Today will mark the beginning of an exciting journey for Talbingo Mountain Bike (MTB) club, with the construction of their Stage 1A trailhead and skills park commencing.
The site, which will be located opposite the Talbingo Country Club on the foreshore, will be the first real step in creating more than 120km of mountain bike trails throughout the Talbingo region.
Talbingo MTB president Stuart Guy explained that the construction of the skills park was only possible because of a substantial grant from the Visy Tumut Region Recovery Fund, which was delivered by the Foundation for Rural and Regional Renewal.
“We were lucky enough to get a grant of $40,800 from the VISY recovery fund,” Guy said.
“It’s massive, it is probably the smallest amount of money we will get as a parcel, but it is the most important symbolically; building this trail head is the catalyst for the whole project and everything else that will come of it.”
Guy was hoping the construction of the trailhead would be completed in quick time but admitted the current Covid-19 pandemic meant that any official opening would likely be delayed.
“We are thinking 4-6 weeks, depending on what happens with the Covid-19 stuff, the June long weekend would have been a good official opening but we will probably have to push it back,” Guy said.
The skills park itself will be essential for Talbingo and the region’s current and prospective MTB enthusiasts, offering those riders a chance to hone in on the skills that are necessary to ride on any future trails.
“The idea of a skills park is where beginners and kids can further enhance their mountain bike skills, getting them ready for the trails,” Guy said.
“There is lumps and bumps in an area where people can practice their braking and skills in a safe, controlled environment.”
The owner of Go Play Outside, a snow and mountain sports equipment hire store in Talbingo, explained why they chose the location of the skills park.
“It just made sense. That trail head is the lowest point and flattest point, and for kids and parents it works in really well, especially being so close to the (Talbingo Country) Club,” Guy said.
Talbingo MTB only came to exist in September 2019, but have made big strides in their quest to offer locals and tourists unique MTB trails, despite the region being impacted by the Dunns Road bushfires and the Coronavirus pandemic.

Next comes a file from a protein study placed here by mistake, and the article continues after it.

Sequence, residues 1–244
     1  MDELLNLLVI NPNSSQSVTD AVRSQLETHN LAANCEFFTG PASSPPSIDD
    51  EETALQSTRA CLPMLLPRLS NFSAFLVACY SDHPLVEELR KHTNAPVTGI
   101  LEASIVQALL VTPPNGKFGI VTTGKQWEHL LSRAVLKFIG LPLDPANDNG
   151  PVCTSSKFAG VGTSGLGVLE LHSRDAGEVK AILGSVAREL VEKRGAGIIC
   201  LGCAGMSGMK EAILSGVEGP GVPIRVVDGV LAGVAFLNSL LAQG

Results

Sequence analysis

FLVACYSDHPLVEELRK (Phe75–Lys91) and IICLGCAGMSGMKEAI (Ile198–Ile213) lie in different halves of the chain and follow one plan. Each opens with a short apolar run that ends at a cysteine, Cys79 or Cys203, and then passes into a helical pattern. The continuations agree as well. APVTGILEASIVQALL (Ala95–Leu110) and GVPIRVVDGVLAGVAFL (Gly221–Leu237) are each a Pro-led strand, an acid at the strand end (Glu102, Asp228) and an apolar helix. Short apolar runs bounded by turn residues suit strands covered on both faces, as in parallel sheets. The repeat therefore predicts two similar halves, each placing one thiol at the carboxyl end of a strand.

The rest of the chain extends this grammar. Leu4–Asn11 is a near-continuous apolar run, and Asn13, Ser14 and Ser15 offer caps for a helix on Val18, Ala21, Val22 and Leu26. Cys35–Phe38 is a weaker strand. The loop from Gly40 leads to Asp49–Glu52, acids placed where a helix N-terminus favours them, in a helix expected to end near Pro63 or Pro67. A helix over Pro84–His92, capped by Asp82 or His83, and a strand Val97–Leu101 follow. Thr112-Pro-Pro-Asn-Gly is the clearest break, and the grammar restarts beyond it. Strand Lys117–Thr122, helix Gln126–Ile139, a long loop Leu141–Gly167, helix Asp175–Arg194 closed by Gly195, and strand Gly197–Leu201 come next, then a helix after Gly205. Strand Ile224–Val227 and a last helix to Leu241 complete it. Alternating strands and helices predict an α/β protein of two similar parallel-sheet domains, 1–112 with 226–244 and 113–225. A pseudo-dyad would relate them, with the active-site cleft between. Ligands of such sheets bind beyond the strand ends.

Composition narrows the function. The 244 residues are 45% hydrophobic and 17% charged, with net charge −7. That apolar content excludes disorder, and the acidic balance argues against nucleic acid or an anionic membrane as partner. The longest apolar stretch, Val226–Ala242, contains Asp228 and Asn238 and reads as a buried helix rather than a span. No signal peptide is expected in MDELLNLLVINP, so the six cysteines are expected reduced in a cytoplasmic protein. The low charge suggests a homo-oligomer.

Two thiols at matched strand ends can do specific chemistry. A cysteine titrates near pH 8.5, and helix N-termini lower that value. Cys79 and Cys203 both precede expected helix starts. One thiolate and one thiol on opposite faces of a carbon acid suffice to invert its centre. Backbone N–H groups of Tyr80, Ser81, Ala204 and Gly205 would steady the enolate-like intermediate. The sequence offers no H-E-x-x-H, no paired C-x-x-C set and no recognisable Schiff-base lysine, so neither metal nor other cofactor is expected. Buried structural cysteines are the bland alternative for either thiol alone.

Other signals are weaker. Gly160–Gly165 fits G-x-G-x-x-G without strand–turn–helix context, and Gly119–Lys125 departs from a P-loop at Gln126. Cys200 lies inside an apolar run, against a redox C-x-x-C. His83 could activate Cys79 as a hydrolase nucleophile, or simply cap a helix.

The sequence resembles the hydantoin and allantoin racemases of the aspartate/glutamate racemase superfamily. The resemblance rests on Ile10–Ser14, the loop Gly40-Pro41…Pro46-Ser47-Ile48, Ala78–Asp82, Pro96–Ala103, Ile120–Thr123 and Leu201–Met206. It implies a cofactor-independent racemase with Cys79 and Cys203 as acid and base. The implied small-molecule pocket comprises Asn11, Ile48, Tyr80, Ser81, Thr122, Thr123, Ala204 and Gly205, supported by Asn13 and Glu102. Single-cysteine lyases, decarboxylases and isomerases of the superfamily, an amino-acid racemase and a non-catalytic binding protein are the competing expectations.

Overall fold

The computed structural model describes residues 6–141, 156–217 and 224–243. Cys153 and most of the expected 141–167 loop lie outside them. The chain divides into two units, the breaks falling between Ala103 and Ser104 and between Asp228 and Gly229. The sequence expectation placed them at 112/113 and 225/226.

Guy suggested that the fires had actually helped their progress, highlighting the need to help the region grow and recover from such a disastrous event.
“This is the start of the bigger picture and helping the recovery of the region and getting more mountain bikers into Talbingo and the Snowy Mountains,” Guy said.
“Talbingo MTB only really started all of this in September and it has been a really quick turnaround to get to this point, the fires have accelerated the process.
“We thought we would be stuffed after everything that happened, but the region realised we needed this project and they have been very supportive.”
Talbingo MTB secretary John Doidge highlighted that the whole of Talbingo was behind the planned trails, with residents ready and waiting to get involved in the construction of the trails.
“We have a number of people that have given us heaps of support, it has been really well received,” Doidge said.
“We have all of these blokes who will have shovels in their hand, they all went to Jindabyne to do a course so they could be trained and qualified trail builders.”
Doidge said that meetings with key stakeholders had Talbingo MTB in a good position going forward but stressed that a lot more legwork needed to happen before any trails were crafted.
“Conversation and presentations with Council, Tourism Riverina Murray, State Government, Snowy Hydro and National Parks have been really positive but there is still more that needs to be done,” Doidge said.
Without giving too much away about potential trails, Talbingo MTB could potentially boast the biggest MTB descent in Australia, which would no doubt attract riders from all over the country and the world.
“We will have a vertical drop of 1000m but the actually decent is tens of kilometres,” Doidge said.
“The plan is that there will be a variety of trails for all levels (of riders), which will all lead back to that one spot in Talbingo.”
The club secretary said the excitement around the project has local businesses preparing for an influx of tourists.
“The local businesses are already starting to plan for all of this in town, they are changing the way they look at things,” Doidge said.
“It is creating new jobs, new business ventures and a general interest in Talbingo and offering something that complements the tourism that our ski season normally brings to town.”
Doidge, along with other Talbingo MTB members and supporters, will be on hand today when the ground is broken for the first time.
“We have a golden shovel ready to go, we have excavators, we are just waiting on Tuesday to come,” Doidge laughed.
“It will be a big day for Talbingo, it certainly won’t be the biggest thing we do in the scheme of things but it will be the most memorable.”